country bad observed neutrality? That that no money or assistance whatever had New Spain had experienced the most been supplied by this country to enable atrocious treatment, as well from the late the Spanish government to subdue New as from the present government of Spain, Spain. As to the Order of the Garter and was an undeniable fact; and it was desir- the Golden Fleece, he could not think that able for the credit and the interest of this such interchange of ceremonies formed an country, to know whether the right hon. object wortby to call for the attention of gentleman was able to deny that any that House. With respect to the recogninoney, arms, or equipment, had been fur- tion of Ferdinand, that prince having been nished by our Government, for the purpose recognised as the sovereign of Spain, by the of suppressing the patriots of New Spain, governarent with which we bad originally in their laudable rebellion against the treated for the deliverance of that country, tyranny of the mother country. It was and by the Cortes also, he should have also desirable to know whether, as bis hon. thought it very extraordinary indeed, if friend's question imported, any of our this country had declined to acknowledge colonial governors had refused ibat hos- his authority. pitality to the patriots which had been Mr. Ponsonby considered the subject of granted to their oppressors; for such par. South America as one of the greatest imtiality would be obviously inconsistent portance and delicacy. He was far from with those principles of neutrality which recommending one step on either side the right bon. gentleman professed. If, inconsistent with the good faith of Go. indeed, the right hon. gentleman were vernment, or in violation of our neutrality. not able to deny such partiality and that | At the same time he was free to say, that it had been actually evinced, the patriots there was no foreign country whatever in of New Spain would have the best founded the fate of which Great Britain was so reason to complain of our conduct, nay, much interested as with South America. that our offer of impartial mediation was For he had no doubt that the establish. by no means sincere. If, then, under such ment of the independence of that country, circumstances, the people of New Spain and the detaching of it from Old Spain, should succeed in their gallant efforts to was to us an object of the highest importshake off the yoke of their persecutors, i ance; but he was equally positive that and to raise their country to that inde that object, however desirable, should not pendent station to which it was entitled, be pursued by any means whatever in. the best interests of this country were but compatible with our public faith. It was too likely to suffer," for it was the best the duty of our Government to attend interest of Great Britain to cultivate an strictly to its engagements, but at the amicable connexion with New Spain. same time he should hold it imperiously On these grounds, therefore, he lamented bound in no' degree to assist the projects that the right hon. gentleman had de- of Old Spain against the liberties of South clined to afford any explanation respecto America. ing the points referred to by his tion. Mr. Wynn concurred with his right hon. friend. 'It was, he presumed, a mere friend as to the propriety of observing a omission on the part of the right hon. strict neutrality in the present contest gentleman, not to have noticed his hon. between Old Spain and South America, friend's allusion to the grant of the Order but he could not conceive it compatible of the Garter to Ferdinand, and the ac with that neutrality to refuse that hospiceptance of that of the Golden Fleece by tality to the people of South America ; the Prince Regent; for such marks of which ws afforded to their opponents. esteem towards such a person as Ferdi- This proceeding did certainly not mani. nand did certainly not seem very com- fest good faith, and he was surprised at patible with the feelings likely to belong the silence of the Chancellor of the Exto any prince reigning over a free people. chequer upon the subject. But he was The minister who had advised such pro- equally surprised at the undue levity ceedings ought to be made known; and with which the right hon. gentleman had he hoped this, with the other questions so spoken of the grant of the Order of the properly submitted by his hon. friend, re Garter to Ferdinand. How was it posspecting our conduct towards the usurper, sible that the right hon. gentleman could Ferdinand, would be satisfactorily an so undervalue an honour which had been swered by the right hon. gentleman. so bighly estimated among the first mo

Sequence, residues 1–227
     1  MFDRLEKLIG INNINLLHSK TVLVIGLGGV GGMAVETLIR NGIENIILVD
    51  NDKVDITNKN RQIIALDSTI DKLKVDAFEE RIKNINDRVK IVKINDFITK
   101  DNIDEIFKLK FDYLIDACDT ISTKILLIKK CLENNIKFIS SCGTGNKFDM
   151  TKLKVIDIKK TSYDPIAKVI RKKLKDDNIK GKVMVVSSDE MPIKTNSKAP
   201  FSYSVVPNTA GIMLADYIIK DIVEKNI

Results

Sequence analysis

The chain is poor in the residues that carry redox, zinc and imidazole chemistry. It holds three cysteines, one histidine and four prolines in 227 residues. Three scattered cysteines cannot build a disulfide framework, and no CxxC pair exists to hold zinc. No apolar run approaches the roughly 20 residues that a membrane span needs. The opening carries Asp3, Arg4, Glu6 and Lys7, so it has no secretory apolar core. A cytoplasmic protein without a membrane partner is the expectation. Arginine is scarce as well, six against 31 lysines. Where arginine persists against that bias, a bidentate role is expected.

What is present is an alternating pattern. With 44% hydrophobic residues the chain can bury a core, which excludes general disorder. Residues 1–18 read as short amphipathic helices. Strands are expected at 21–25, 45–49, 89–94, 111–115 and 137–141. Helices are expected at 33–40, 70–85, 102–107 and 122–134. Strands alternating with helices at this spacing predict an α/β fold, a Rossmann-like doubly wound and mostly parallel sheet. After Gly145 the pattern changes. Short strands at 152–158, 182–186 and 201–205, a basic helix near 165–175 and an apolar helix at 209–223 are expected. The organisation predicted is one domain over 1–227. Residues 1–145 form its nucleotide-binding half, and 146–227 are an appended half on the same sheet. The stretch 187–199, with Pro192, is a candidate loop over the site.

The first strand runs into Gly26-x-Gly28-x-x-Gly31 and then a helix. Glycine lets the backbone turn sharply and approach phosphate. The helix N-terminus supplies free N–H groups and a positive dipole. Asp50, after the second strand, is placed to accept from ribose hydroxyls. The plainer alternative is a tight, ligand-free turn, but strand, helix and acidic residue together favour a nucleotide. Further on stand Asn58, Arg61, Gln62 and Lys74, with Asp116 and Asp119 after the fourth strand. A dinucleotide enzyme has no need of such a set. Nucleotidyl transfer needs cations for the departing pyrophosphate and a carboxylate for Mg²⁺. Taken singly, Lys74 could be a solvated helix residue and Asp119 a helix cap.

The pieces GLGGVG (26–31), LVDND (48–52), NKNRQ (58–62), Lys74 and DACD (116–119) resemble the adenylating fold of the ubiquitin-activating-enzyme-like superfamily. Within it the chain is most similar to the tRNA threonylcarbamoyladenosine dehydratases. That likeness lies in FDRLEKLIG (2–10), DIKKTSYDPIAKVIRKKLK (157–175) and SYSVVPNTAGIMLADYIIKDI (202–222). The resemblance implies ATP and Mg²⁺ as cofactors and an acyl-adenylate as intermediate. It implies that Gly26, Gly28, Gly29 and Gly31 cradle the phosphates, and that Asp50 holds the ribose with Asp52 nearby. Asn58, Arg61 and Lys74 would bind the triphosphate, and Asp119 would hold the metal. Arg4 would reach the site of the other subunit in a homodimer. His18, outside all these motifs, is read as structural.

The Chancellor of the Erchequer stated narchs in Europe ? This distinction had, (VOL. XXX.)